Nuvec has been shown capable of generating a strong interferon gamma production (TH1 response), which is necessary to fight intracellular parasites, such as viruses, and to efficiently kill cancer cells. The spiky structure allows for the strong binding of DNA/RNA and higher loading capacity. Preclinical studies have shown low induction of systemic inflammatory cytokines, indicating good biocompatibility and low toxicity. Furthermore, analyses have shown that Nuvec particles remain at the site of injection without dispersion into the plasma, liver, lung, spleen, and brain, allowing targeted release as they degrade.
Evaluation of Nuvec to date has revealed that it is broadly applicable to a wide range of modalities and treatments. In addition to mRNA and pDNA, we have begun exploring the potential of Nuvec to deliver much smaller siRNA molecules and expect to realize similar results.
During our preclinical studies, we discovered that the spiky nature of the Nuvec nanoparticles, while providing an ideal structure for transporting nucleic acids, can also lead to agglomeration. Current efforts are focused on evaluating different techniques to ensure complete and long-lasting dispersion of the nanoparticles. The goal is to establish a CMC process that yields a nanoparticle dispersion that exhibits a consistent and robust response in vivo as has been obtained in vitro.
The general Nuvec production process has been developed using standard technologies and is designed to be readily scalable. We are in the process of evaluating potential manufacturing partners for GMP production. While we do not yet require GMP-grade product, once the CMC process is established (the end of 2020 or early 2021) and we begin collaborating with pharma partners, having a GMP process in place will facilitate ramp-up to meet future customer needs.
The business model adopted by N4 Pharma at this stage is to license Nuvec technology to biotech and pharma innovators developing novel cancer treatments and antiviral vaccines. Once we have the dispersion of the technology established, we will begin forming collaborations with companies with DNA/RNA product looking for an alternative to LNP delivery systems, both those that are facing issues with liver toxicity, particle size, early release, poor cell penetration, and those that want to avoid them altogether.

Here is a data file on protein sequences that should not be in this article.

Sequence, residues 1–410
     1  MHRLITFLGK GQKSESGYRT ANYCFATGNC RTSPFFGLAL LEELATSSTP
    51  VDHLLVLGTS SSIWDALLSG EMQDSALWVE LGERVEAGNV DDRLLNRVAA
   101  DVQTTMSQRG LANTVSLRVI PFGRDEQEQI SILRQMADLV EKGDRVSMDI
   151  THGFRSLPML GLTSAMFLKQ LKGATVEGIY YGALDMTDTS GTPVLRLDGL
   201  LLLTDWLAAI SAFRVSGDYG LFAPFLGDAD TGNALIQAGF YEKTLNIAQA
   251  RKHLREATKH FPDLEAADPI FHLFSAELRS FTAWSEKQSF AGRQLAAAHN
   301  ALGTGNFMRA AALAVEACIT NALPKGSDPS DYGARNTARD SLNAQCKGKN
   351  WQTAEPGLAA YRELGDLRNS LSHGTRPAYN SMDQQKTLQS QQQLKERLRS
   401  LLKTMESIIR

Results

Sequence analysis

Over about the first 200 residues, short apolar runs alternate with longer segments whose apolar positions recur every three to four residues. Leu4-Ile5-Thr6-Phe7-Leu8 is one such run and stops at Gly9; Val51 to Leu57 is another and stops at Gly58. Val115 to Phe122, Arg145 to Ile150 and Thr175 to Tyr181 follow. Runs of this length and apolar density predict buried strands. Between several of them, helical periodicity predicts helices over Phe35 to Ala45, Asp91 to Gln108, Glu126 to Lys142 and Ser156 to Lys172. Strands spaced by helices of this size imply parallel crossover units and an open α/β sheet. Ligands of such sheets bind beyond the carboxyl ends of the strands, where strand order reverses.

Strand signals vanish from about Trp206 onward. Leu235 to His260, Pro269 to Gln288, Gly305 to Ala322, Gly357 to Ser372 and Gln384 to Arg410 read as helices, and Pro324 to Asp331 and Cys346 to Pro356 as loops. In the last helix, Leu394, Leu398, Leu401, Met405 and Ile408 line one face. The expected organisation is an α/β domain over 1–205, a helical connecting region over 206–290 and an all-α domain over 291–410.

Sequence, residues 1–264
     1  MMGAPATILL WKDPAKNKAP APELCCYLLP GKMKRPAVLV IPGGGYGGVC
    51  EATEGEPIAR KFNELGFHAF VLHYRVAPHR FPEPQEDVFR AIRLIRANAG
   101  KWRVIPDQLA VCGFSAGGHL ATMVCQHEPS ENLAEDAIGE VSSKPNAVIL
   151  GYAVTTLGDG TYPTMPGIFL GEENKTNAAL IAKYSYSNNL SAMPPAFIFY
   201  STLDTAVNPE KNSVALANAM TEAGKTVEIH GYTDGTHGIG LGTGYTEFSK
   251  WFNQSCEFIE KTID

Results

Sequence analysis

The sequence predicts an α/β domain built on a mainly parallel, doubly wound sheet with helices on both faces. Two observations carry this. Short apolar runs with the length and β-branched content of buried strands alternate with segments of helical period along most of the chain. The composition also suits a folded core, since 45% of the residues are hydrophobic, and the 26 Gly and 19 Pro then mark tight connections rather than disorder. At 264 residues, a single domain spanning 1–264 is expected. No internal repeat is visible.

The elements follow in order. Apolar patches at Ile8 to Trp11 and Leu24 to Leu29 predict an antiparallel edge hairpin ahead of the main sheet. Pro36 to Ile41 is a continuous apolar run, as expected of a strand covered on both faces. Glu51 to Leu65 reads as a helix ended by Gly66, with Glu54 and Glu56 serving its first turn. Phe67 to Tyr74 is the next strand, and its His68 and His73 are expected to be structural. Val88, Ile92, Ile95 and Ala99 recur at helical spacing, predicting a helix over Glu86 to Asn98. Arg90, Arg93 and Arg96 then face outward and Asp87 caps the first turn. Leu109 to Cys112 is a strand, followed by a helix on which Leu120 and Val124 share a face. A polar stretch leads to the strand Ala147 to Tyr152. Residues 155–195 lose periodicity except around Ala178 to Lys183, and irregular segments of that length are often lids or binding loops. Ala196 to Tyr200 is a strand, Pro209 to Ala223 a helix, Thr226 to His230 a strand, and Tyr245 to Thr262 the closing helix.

The intention is to support such projects through preclinical testing into the clinical phase and ideally onto commercialization, realizing milestone payments as they progress.
The revenues earned with this licensing strategy will be used to expand N4 Pharma’s portfolio. The company was established to commercialize novel technologies initially developed at universities that lack the resources to bring them to market.
The Nuvec technology is only the first example of how N4 Pharma will bring a technology to the point where its commercial potential can be realized — a point that could not have been reached in the academic arena. With the revenues generated from the licensing of Nuvec, we will be able to acquire additional IP/technologies and strengthen our offering.
In addition, further down the road, it is certainly possible that N4 Pharma will be in a position to develop our own therapies/vaccines leveraging Nuvec.
Nigel has over 25 years’ experience in healthcare and in building businesses, strategy development and implementation and a strong network covering all aspects of pharmaceutical product development and commercialization. He was the head of healthcare brands at Boots Group plc in 2002 before leaving to set up a series of successful businesses, including Oxford Pharmascience Group plc, which he grew over 5 years into an AIM quoted company with a market capitalization of £40 million upon departure. Nigel formed N4 Pharma in 2014.